One’s commitment to Jesus (made in the good confession, Matt. 10:32), should become a ‘spring board’ for dedication of faithfulness to Him, as this new life style is being lived to the glory of God (1 Cor. 10:31; 2 Cor. 5:17). Being a true disciple of Jesus involves one’s energy being utilized in His service. Paul wrote, I beseech you therefore, brethren, by the mercies of God, that ye present your bodies a living sacrifice, holy, acceptable unto God, which is your reasonable service (Romans 12:1). Christians must recognize their labor (for the Lord) is not in vain (1 Cor. 15:58). Yet, that life style should not be hidden. A worthy effort for the Lord should be encouraged. Remember, it is not about being successful, but being faithful that counts (1 Cor. 4:2).

During our Lord’s ministry, and during the close of His thirty three years of life on earth, two days before Passover, as death was imminent, a noble deed was done for Jesus (See Mark 14:1-9). In the village of Bethany, home town of Mary, Martha, and Lazarus, (who had been raised from the dead); a woman pours expensive ointment (perfume) over the Lord’s head (V. 3). Jesus explains this deed was in preparation for the burial of His body (V. 8). This indeed was a kind gesture on her part that manifests her love for Jesus.

Yet, often when a noted deed is done for the right cause; there are ‘self-appointed’ faultfinders. And there were some that had indignation within themselves, and said, Why was this waste of the ointment made? For it might have been sold for more than three hundred pence, and have been given to the poor. And they murmured against her (Mark 14: 4-5). Yet, Jesus came to her defense and said, Let her alone; why trouble ye her? She hath wrought a good work on me. For ye have the poor with you always, and whensoever ye will ye may do them good: but me ye have not always. She hath done what she could: she is come aforehand to anoint my body to the burying.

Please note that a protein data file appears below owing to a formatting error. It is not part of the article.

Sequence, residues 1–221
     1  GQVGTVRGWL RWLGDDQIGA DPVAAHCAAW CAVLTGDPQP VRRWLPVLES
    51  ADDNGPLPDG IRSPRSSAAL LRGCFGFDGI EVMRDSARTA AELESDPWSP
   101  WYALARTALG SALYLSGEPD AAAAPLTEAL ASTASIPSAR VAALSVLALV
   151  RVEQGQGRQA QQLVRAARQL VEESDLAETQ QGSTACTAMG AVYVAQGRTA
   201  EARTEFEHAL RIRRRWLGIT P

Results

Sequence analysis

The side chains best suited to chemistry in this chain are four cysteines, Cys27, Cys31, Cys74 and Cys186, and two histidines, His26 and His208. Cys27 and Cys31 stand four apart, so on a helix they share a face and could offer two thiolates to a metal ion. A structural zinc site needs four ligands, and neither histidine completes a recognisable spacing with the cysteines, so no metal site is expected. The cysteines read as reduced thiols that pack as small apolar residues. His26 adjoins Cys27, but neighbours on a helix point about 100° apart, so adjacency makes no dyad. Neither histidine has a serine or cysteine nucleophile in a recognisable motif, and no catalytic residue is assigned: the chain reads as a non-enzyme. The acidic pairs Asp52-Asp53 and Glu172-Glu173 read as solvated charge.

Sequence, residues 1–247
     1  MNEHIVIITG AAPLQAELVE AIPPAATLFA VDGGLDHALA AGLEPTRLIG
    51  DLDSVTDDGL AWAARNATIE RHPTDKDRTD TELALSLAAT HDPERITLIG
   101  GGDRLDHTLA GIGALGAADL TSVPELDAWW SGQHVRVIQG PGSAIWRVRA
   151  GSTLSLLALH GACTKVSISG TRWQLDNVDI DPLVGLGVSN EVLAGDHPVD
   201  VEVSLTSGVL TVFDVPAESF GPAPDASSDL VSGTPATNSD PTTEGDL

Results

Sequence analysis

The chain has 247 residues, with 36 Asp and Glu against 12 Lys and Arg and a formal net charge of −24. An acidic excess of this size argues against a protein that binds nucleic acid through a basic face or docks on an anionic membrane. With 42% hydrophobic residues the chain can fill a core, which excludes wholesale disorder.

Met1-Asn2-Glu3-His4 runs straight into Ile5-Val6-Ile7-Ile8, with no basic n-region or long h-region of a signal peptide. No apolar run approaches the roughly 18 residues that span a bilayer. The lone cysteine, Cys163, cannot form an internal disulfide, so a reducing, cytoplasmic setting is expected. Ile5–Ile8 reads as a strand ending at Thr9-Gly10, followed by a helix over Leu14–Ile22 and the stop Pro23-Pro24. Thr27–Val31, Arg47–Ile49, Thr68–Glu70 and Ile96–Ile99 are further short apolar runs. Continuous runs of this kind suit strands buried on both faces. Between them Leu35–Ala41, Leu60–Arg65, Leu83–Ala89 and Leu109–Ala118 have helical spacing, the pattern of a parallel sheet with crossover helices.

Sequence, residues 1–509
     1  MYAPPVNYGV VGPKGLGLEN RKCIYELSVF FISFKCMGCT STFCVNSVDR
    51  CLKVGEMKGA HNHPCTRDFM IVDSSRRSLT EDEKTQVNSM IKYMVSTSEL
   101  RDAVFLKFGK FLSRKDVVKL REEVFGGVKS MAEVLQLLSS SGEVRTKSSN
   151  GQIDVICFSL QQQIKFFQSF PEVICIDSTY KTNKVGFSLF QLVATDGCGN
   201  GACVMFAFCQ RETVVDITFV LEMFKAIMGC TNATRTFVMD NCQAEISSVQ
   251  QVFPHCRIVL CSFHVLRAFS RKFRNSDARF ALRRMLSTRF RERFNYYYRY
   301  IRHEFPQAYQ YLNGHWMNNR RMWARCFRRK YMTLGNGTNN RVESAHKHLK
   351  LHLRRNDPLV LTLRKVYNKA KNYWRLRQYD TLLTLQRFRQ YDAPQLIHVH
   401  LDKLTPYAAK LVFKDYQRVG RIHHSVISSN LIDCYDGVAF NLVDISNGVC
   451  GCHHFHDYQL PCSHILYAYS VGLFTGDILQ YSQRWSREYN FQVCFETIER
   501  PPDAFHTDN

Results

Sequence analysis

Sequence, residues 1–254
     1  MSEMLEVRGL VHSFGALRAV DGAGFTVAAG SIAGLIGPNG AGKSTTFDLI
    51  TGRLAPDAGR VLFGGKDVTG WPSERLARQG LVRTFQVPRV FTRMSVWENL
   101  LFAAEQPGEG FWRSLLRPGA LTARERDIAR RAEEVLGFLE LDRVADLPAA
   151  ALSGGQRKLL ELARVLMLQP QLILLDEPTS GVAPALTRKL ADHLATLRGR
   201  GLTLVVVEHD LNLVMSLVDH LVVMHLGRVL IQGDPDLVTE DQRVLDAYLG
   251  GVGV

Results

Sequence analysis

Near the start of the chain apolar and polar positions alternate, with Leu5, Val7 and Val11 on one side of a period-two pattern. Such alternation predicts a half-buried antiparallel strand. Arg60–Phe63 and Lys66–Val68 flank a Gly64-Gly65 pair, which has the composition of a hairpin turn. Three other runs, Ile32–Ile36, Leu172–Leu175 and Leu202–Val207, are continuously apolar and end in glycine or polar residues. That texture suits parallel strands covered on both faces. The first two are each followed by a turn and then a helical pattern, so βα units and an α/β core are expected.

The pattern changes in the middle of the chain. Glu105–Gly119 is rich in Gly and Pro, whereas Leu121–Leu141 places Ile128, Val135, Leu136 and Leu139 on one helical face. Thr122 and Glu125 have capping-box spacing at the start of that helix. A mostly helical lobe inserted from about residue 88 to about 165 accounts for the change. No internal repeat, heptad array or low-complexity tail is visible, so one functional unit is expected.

(Verses 6-8). Jesus noticed her kindness to Him before His death. Joseph of Arimathaea, and Nicodemus displayed respect to Him after His death (See John 19:38-40). This woman did not do what others wanted her to do, but Jesus reminds us, she hath done what she could (V. 8).

Could the Lord say this about us? Have we done what we can do (for the Lord’s cause)? We may not do what others want us to do, or as much as we desire to do, but the Lord is pleased when we do what we can do. Paul was not successful converting anyone in Jerusalem, and the Lord told him to leave, for they will not receive thy testimony concerning me (Acts 22:18). Yet, he had done what he could, he tried, and the Lord was pleased with his efforts. What efforts do we put forth for His cause today?